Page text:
We argue on theoretical grounds that obligatory compliance with stricter financial reporting rules (e.g., the US Sarbanes-Oxley Act) may entail important unintended consequences. Paradoxically, the amount of misreporting may increase because corporate boards spend more valuable resources fulfilling statutory mandates rather than involving themselves in forward-looking strategy setting. As these surveillance devices are substitute methods of gauging management quality, when boards focus on the firm's internal control and accounting system they become semi-detached from strategy - their business acumen falters. Top executives are then judged primarily on the basis of financial metrics as opposed to long-term fit. Since the balance sheet review carries more weight in the board's decision-making process, the return to managerial book-cooking (a purely "influence" activity) and the risk of endorsing flawed business plans swell. This confirms a burgeoning sentiment among business leaders and scholars that boards should perhaps pay less rather than more heed to codified, verifiable 'good' governance principles.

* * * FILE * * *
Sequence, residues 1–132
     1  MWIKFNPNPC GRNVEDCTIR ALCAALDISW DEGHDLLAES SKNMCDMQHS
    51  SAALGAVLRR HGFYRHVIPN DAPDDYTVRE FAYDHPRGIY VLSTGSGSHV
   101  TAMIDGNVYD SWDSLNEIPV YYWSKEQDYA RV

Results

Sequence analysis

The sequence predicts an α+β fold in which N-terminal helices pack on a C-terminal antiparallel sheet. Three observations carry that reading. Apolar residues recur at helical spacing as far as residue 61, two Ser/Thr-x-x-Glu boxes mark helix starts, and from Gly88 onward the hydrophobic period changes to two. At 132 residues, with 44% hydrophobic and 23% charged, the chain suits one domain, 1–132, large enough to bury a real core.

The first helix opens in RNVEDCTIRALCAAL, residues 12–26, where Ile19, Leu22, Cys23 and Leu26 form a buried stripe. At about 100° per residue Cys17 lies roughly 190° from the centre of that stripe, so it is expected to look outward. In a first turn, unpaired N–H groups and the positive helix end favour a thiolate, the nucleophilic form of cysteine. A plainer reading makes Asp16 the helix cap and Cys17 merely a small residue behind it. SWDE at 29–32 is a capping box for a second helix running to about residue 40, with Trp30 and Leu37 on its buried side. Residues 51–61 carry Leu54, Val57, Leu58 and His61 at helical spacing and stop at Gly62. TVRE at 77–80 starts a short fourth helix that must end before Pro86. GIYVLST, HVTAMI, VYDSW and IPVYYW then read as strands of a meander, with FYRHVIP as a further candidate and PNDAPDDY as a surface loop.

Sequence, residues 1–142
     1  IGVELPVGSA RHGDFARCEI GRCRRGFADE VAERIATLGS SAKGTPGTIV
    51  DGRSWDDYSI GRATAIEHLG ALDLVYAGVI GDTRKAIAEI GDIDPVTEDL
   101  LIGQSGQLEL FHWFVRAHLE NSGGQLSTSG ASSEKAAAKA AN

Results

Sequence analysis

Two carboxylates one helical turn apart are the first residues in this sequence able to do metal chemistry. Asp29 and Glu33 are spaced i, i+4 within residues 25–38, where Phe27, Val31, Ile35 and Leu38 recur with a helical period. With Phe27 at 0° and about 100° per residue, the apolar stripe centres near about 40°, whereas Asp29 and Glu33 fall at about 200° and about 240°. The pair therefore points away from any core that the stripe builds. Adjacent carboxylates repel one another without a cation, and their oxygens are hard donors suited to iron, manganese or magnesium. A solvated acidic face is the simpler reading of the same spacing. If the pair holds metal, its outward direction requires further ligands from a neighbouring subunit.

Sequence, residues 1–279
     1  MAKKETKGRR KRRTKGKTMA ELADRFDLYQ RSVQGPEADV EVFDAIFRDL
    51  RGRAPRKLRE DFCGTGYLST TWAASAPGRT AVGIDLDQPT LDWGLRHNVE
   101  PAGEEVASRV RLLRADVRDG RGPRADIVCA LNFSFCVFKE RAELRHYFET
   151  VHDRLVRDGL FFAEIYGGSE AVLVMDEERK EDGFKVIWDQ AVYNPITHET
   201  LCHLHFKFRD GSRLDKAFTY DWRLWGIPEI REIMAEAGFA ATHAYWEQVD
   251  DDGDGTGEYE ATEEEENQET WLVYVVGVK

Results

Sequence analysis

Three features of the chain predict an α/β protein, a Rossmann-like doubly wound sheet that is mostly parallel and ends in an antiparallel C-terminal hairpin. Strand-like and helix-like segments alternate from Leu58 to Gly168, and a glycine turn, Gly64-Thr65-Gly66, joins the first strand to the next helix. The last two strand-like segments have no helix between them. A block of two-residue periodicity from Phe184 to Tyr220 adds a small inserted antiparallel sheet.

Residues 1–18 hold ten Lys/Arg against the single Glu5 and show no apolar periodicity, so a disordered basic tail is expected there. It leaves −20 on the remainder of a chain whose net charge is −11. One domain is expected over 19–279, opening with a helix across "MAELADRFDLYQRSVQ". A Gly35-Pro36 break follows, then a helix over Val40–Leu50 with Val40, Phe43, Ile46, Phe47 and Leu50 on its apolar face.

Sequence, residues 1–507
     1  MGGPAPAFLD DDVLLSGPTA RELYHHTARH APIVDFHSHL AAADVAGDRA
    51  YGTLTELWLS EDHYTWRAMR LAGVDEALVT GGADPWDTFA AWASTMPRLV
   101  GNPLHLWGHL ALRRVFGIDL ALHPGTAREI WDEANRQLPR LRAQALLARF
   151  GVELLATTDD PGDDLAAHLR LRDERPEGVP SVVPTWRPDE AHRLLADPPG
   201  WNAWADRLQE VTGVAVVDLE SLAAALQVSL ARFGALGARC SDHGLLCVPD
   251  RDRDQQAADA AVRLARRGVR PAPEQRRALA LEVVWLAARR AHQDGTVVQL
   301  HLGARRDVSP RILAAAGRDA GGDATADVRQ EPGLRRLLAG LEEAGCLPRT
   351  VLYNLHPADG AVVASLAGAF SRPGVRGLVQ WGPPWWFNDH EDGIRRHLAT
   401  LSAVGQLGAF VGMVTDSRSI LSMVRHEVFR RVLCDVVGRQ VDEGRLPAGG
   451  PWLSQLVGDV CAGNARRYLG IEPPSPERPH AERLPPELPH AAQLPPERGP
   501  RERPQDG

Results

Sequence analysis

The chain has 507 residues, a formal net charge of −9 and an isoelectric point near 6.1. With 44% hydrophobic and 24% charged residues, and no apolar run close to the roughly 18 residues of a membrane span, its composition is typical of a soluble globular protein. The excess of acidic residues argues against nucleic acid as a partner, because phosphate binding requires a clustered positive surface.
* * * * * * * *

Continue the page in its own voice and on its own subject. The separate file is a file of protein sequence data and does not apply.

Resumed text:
Financial Markets Group Discussion Papers DP 559